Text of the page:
In a way it’s like that saying “I didn’t know enough to know what I didn’t know.” Is it a magic carpet? Hell I don’t know, but I will say the feeling is magical and I never want it to end. And if you’re thinking “WTF is with these photos that don’t have an effing thing to do with motorcycling, let alone you Zero!” I said at the start that it’s fucking tough for me to describe the feeling. The shoreline is about the smoothness of the experience. And this b/w is about the dark, mind bending amount of power available at any time that has the potential to overwhelm the rider. Yet Zero has smartly programmed the throttle to not be an on/off switch, keeping it smooth. I hear people say that Zeros cannot wheelie easily or at all. LOL Yeah I spent this amount of money to wheelie. I said at the start this whole section was tough as shit to accurately describe. Tell me again what an orange tastes like and why I would want to try one….?
Off Road Riding
I’ve only had a few limited opportunities to ride my DSR off road. Some fire roads some ‘secret’ off road areas that are just gorgeous. And these are just the types of areas I hoped to find and be able to explore with the bike. Because it’s so quiet when I have encountered people, they have only smiled when I rode by. In those areas where I can get up to speed, meaning 35-40 MPH the bike handles so well. Ruts are well dampened and the bike tracks as well as one can in rutted terrain; soft surfaces are no problem with the tires I have chosen. In deep soft sand or soft dirt the weight of the bike becomes apparent. Nothing dramatic, but it’s not like when I’m on hard packed dirt. I disable my ABS when I’m off road and use Eco or change my custom settings to 65% torque 100% regen. I use the rear brake much more than the front, but still find I use the front out of habit. I just don’t grab a whole handful, I feather the brakes downhill. I certainly never expect any bike to compensate for a lack of skill. After all skill is a big part of the fun of riding for me. Don’t get better? Then go down and learn a lesson!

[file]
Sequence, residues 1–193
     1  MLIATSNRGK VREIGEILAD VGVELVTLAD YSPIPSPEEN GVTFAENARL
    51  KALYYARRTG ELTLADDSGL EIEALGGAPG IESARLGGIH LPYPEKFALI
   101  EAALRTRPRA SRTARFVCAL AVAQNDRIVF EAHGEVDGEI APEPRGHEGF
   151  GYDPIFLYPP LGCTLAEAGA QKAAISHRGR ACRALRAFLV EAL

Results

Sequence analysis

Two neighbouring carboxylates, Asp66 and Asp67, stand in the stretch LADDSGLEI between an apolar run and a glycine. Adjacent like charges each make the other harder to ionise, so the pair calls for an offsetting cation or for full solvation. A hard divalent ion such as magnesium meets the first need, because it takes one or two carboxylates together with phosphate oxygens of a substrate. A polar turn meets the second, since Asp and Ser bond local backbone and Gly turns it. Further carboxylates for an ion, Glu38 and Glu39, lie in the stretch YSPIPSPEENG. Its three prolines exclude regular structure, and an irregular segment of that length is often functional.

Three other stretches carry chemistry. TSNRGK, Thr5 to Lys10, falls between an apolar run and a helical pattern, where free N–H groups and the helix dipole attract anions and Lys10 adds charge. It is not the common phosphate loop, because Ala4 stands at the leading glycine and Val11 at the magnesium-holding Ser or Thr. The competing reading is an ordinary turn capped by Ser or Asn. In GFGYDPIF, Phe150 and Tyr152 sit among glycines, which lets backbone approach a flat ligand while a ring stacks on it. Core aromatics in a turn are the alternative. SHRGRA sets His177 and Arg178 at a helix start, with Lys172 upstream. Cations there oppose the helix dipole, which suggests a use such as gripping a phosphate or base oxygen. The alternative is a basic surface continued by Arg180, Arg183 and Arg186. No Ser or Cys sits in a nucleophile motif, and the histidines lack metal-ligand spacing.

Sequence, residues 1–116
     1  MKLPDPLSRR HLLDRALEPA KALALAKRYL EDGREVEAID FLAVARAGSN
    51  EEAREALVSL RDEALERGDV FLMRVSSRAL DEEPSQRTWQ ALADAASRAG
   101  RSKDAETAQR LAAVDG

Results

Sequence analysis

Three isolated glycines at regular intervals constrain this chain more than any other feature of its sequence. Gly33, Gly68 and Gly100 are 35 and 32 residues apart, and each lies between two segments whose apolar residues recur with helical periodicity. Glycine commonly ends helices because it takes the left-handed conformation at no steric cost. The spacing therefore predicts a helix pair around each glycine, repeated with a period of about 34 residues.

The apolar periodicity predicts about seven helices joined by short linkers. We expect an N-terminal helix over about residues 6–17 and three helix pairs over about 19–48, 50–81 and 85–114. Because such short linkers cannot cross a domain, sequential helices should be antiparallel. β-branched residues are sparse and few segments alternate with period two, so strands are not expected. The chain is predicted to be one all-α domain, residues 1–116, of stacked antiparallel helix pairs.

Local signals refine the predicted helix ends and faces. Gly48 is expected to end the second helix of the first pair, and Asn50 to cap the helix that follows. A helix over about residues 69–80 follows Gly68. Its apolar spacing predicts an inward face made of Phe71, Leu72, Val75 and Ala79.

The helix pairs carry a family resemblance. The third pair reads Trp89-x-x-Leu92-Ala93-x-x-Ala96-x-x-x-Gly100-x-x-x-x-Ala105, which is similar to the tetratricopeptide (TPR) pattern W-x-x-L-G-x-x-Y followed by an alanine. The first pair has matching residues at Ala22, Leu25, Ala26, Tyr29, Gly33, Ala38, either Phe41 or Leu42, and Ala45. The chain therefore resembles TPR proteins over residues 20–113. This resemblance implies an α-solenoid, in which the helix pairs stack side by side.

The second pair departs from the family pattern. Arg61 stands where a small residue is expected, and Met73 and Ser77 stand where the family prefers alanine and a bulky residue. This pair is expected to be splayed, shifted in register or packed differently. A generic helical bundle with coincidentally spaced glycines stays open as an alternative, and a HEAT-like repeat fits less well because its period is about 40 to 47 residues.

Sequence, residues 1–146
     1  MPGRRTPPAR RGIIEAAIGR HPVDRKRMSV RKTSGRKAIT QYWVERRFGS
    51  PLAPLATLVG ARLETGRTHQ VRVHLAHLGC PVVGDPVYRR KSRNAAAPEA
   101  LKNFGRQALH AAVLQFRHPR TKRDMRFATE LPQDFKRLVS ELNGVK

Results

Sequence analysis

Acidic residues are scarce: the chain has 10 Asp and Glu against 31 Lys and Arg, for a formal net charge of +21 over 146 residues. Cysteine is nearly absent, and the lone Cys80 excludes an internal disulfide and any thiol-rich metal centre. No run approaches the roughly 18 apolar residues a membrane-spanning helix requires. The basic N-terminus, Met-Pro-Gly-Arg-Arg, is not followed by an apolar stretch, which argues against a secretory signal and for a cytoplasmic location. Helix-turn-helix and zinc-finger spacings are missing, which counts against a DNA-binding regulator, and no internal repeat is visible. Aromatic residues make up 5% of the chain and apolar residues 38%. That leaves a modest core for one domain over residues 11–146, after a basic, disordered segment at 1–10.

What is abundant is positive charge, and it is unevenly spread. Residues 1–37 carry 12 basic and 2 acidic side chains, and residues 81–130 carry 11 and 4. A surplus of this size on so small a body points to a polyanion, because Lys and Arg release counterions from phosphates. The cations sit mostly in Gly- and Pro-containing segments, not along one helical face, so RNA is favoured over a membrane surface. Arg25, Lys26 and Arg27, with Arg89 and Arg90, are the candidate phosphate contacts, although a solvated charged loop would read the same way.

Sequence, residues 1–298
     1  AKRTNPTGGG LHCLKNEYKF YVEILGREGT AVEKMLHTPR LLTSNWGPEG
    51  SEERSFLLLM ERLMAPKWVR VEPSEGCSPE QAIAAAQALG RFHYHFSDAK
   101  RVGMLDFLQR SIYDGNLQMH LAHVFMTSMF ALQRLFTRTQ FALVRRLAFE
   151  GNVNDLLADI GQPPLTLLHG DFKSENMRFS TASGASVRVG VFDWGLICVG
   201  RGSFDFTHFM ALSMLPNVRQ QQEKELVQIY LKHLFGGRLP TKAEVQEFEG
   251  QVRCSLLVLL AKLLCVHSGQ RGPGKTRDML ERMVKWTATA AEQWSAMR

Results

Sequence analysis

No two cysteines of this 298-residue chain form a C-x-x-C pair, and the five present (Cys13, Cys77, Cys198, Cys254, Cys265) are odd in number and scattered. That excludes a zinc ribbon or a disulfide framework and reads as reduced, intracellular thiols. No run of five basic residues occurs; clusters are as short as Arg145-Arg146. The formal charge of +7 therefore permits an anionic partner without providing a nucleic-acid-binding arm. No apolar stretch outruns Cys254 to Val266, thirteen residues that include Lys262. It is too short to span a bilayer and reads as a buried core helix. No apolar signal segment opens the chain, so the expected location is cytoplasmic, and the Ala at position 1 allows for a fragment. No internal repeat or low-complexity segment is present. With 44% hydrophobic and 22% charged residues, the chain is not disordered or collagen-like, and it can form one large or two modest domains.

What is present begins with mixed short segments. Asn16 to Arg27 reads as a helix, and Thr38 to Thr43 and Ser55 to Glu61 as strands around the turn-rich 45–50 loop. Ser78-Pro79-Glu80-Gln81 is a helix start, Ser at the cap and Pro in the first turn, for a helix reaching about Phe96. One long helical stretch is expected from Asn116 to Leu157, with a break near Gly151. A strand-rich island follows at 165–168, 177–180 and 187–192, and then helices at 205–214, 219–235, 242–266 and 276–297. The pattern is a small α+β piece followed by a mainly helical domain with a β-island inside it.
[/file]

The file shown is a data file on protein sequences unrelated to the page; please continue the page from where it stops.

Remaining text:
I find that this bike is the dual sport in the sense of how I define dual sport. It’s damn powerful, but unlike smoker bikes where throttle control is an art form this bike makes throttle control nearly effortless. In some ways I get irritated in how much easier it is to ride the bike than a smoker. In the same way so many things have been made accessible and easier to more people; auto spell checks, auto correct, ABS, Lane deviation sensors, self-parking cars, back up cameras, etc. Zero has taken some of the skills I felt are necessary to operate a motorcycle out of the equation.
The smoothness, throttle response, instant torque, the ability to adjust the bike to your riding needs are all things that just a decade ago would have been considered science fiction. Yet here I am in Spring of 2021 totally enjoying these new experiences. Like all things some will resist and even resent these changes and I’m amazed that as an old fart I’m excited about living in a time equivalent to when gas engines were introduced during the steam engine era. Exciting times.
I want to sum up my impressions of riding this bike. Some of my more ‘hard core’ or they like to think they are hard core dirt riders would never consider a DSR, KTM ebike or Alta when it existed. Motocross racing, supercross racing, desert racing, some do those things and some ‘used to do them.’ I’m wise enough to know that my racing days as exciting as they were are behind me now. I like to go fast, ride in the dirt now and again but I know from experience that I could only learn the real limits of my abilities by racing on the track. This bike is not for that, but to simply enjoy the ride. And for me it’s a godsend.